Bella Brutta review

Pizza marinara scattered with optional Ortiz anchovies.
Pizza marinara scattered with optional Ortiz anchovies.  Photo: James Brickwood

135 King St Newtown, NSW 2042

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Opening hours Mon-Fri 5-11pm; Sat noon-11pm; Sun noon-10pm
Features Family friendly, Licensed, Accepts bookings
Prices Moderate (mains $20-$40)
Phone 02 9922 5941

I can see the headlines of horror now: "Is this Sydney's most ridiculous pizza?". In an age when Domino's will deliver three pizzas, one garlic bread and one large soft drink to your home for $36.95, it is something of an ask to charge $21 for extra anchovies. And that's without the pizza.

Bella Brutta (Italian for beautiful ugly) exists in a sort of parallel universe to the likes of Domino's with an emphasis on hand-made and seasonal.

The classic marinara pizza (pomodoro, garlic, oregano, $17) comes with an optional side order from the anchovy menu, from $12 for a can of the excellent Cuca to $21 for Don Bocarte. It's the sort of move that will thrill anchovy-lovers and pretty much infuriate the rest of the world.

Ortiz anchovies, $18.
Ortiz anchovies, $18.  Photo: James Brickwood

It's also a statement consistent with the passions of the management. Bella Brutta is a co-production from LP's Quality Meats' Luke Powell, and Porteno's Elvis Abrahanowicz and Joseph Valore, who have invested heavily in Spain's finest conservas (canned goods) with their two Continental Delis.

Bella Brutta presents a breezy open-windowed whitewashed face to an otherwise unmemorable bend of King Street, Newtown. 

Inside, it's a long, skinny, raw-boned room, with a broad bar lined with stools, and chefs in full flight slinging pizza into the wood-fired oven.

Inside the long, skinny room.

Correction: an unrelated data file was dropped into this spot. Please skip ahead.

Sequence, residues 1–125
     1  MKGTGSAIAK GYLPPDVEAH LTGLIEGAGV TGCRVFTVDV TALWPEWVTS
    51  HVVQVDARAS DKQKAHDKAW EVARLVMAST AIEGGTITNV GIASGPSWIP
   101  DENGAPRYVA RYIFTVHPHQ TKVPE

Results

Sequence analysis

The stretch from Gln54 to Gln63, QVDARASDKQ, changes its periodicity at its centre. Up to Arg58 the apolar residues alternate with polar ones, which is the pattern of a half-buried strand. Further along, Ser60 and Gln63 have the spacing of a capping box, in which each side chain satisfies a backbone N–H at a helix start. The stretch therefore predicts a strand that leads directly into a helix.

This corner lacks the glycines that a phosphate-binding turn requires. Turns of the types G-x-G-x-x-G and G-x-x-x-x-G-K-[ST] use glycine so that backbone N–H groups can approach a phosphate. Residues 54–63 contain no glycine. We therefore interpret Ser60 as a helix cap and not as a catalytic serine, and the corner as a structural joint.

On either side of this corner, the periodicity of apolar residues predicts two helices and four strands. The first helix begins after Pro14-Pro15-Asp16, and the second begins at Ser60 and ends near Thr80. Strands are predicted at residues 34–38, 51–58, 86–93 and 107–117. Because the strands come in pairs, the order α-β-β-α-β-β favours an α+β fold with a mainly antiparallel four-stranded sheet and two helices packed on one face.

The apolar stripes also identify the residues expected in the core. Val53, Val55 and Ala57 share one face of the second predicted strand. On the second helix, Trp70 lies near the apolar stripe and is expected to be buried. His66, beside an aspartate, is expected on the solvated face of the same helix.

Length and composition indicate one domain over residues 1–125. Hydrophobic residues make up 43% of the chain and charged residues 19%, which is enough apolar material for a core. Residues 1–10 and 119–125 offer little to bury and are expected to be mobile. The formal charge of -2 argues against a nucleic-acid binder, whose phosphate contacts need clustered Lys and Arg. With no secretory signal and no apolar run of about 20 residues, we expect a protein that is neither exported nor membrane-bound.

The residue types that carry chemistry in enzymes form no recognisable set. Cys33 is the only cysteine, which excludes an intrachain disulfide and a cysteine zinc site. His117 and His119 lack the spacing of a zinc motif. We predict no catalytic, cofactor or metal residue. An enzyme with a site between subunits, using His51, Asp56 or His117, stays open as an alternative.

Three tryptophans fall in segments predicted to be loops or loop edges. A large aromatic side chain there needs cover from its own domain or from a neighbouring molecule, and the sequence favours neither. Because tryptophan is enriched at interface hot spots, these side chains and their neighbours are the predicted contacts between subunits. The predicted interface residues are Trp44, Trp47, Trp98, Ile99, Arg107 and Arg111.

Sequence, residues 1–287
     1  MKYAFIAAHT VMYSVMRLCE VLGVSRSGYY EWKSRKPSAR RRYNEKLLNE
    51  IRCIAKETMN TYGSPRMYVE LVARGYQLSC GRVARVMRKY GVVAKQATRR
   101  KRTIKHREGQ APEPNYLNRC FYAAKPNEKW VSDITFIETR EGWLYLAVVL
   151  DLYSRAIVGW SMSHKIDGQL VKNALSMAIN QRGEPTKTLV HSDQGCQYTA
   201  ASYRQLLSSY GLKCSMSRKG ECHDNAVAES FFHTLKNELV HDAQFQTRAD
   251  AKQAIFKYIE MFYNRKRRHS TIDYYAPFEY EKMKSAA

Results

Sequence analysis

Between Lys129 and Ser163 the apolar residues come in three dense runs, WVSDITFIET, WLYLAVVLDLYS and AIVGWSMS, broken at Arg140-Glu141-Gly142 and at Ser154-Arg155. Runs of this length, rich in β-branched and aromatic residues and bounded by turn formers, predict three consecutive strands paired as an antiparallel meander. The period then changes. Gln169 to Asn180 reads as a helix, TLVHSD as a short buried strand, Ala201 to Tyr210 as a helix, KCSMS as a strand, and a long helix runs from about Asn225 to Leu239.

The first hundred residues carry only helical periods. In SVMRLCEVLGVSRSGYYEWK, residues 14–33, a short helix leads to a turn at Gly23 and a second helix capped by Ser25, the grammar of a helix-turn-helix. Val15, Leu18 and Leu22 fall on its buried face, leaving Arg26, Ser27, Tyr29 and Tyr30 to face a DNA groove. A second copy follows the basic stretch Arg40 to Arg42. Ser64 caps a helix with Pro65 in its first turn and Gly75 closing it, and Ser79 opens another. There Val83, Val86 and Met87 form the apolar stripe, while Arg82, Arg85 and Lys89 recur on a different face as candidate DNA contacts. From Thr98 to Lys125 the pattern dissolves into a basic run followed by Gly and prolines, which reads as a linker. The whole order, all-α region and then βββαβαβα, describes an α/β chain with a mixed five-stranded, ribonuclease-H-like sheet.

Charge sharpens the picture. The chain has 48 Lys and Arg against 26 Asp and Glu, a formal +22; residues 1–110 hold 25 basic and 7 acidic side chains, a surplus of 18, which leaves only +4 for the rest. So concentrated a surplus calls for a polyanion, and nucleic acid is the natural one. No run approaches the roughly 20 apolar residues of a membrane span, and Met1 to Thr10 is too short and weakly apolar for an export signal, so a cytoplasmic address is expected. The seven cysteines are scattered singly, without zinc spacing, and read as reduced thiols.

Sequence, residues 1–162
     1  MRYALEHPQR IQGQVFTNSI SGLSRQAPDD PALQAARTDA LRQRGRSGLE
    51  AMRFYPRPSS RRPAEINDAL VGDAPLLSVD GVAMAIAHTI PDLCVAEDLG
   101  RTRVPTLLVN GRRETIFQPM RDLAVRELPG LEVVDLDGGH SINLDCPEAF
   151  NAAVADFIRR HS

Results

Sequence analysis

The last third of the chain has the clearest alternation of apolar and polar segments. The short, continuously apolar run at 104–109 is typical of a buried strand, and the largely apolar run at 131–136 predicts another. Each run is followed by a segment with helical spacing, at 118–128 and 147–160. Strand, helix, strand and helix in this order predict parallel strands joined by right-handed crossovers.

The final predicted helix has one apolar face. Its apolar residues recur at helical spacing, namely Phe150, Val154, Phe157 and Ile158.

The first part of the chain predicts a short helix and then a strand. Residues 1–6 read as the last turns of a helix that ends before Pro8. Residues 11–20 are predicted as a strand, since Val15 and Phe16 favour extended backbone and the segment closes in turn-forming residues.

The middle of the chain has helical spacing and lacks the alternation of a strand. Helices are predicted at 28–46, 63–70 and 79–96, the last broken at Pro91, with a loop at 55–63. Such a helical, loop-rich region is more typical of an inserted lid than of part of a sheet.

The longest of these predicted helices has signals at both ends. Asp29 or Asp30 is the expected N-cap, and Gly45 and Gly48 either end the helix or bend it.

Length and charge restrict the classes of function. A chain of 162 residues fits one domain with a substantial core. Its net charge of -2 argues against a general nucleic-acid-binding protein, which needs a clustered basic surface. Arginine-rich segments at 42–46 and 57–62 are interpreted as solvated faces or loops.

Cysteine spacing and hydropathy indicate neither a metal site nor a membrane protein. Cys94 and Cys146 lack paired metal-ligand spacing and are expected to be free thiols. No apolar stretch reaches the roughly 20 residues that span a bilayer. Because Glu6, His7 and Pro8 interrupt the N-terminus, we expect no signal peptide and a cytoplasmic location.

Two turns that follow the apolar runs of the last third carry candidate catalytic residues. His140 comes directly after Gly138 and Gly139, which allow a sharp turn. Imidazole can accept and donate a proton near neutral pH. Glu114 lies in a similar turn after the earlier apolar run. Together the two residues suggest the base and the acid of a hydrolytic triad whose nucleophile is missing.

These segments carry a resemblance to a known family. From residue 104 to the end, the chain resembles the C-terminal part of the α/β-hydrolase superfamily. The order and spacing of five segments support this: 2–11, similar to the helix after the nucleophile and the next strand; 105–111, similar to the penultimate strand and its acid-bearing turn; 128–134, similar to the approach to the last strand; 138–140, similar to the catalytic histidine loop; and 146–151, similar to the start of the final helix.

Inside the long, skinny room. Photo: James Brickwood

The constantly changing antipasti and small plates might include a sardine escabeche ($12) that is light, warm and oily, or a meltingly soft, cloud-like ricotta gnudi with lightly cooked zucchini and zucchini flowers ($24) that's a pretty picture of the summer to come.

Then again, it might include an itsy-bitsy, nothing-to-see-here tumble of smoked mackerel and marukai turnips ($18), or a pile of lovely fresh ricotta ($15) topped with slices of fibrous, assertively chewy, green tomatoes.

Dishes are almost aggressively simple, reduced to two or three ingredients that have to speak for themselves.

Simplicity: Sardine escabeche.
Simplicity: Sardine escabeche. Photo: James Brickwood

Cheery staff will rattle off a couple of off-menu mains, such as farm-raised Eugowra quail from central western NSW ($36).

Darkly roasted from head to toenail, it's as big as a pigeon, presented with a crisp salad of witlof and fresh nectarine. The exceptionally well-developed flavour is even able to cope with a powerful, cherry/berry 2016 Sassafras Sagrantino ($78) from the Canberra region.

But it's all about the pizza. Liberated, perhaps, by the fact that he has never been to Italy, Luke Powell does pizza his way, using a blend of Italian and Australian flours and markedly long fermentation.

Ricotta gnudi with lightly cooked zucchini and zucchini flowers.
Ricotta gnudi with lightly cooked zucchini and zucchini flowers. Photo: James Brickwood

The crust comes pocked with bubbles and often scorched to the extent of second-degree burns, ensuring a cooked-through base.

It's seriously good, whether sent into the oven with a handful of surf clams, pecorino and chilli ($26), or baked with fior di latte, parmesan, garlic and green olives (no tomato), then draped with LP's smooth, nutty mortadella and green olives ($26).

Best by a country mile is the marinara ($17), with its sweetly acidic tomato salsa and busty, bubbled crust. Yes, I ordered a can of Ortiz anchovies ($18) and twirled the fat, fruity, salty, little fish on every slice. Of course I did.

Wobbly panna cotta in a vermouth syrup pool.
Wobbly panna cotta in a vermouth syrup pool.  Photo: James Brickwood

Desserts are minimalist, with a panna cotta ($10) wobbling itself into a creamy pool in syrupy vermouth-scented juices.

Bella Brutta isn't cheap, and it's a bit over-hyped (all players are much admired in the industry), but there's plenty about it that's beautiful, and very little that's ugly.

The low-down

Bella Brutta

Vegetarian 10 plant-based small plates and two pizze (marinara and cavolo nero)

Drinks Peroni Red and Grifter pale ale, six aperitivi, five digestivi and a clever Italian-leaning wine list divided simply into sparkling, white, orange, rose and red. Says it all, really.

Go-to dish Pizza marinara ($17) with anchovies as an optional extra ($12-$21)

Pro tip There's a courtyard to the rear for sunny weekend lunches.

Terry Durack is chief restaurant critic for The Sydney Morning Herald and senior reviewer for the Good Food Guide. This rating is based on the Good Food Guide scoring system.

https://www.bellabrutta.com.au/